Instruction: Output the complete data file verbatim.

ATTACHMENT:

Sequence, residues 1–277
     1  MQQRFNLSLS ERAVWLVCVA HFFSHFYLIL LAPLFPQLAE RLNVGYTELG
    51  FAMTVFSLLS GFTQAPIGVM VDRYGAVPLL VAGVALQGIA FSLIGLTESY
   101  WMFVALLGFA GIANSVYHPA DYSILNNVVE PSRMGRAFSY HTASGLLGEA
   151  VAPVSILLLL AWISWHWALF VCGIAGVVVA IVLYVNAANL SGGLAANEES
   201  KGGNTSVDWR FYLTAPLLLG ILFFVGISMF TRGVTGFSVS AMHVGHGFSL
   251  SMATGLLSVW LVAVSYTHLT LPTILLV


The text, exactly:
Sequence, residues 1–277
     1  MQQRFNLSLS ERAVWLVCVA HFFSHFYLIL LAPLFPQLAE RLNVGYTELG
    51  FAMTVFSLLS GFTQAPIGVM VDRYGAVPLL VAGVALQGIA FSLIGLTESY
   101  WMFVALLGFA GIANSVYHPA DYSILNNVVE PSRMGRAFSY HTASGLLGEA
   151  VAPVSILLLL AWISWHWALF VCGIAGVVVA IVLYVNAANL SGGLAANEES
   201  KGGNTSVDWR FYLTAPLLLG ILFFVGISMF TRGVTGFSVS AMHVGHGFSL
   251  SMATGLLSVW LVAVSYTHLT LPTILLV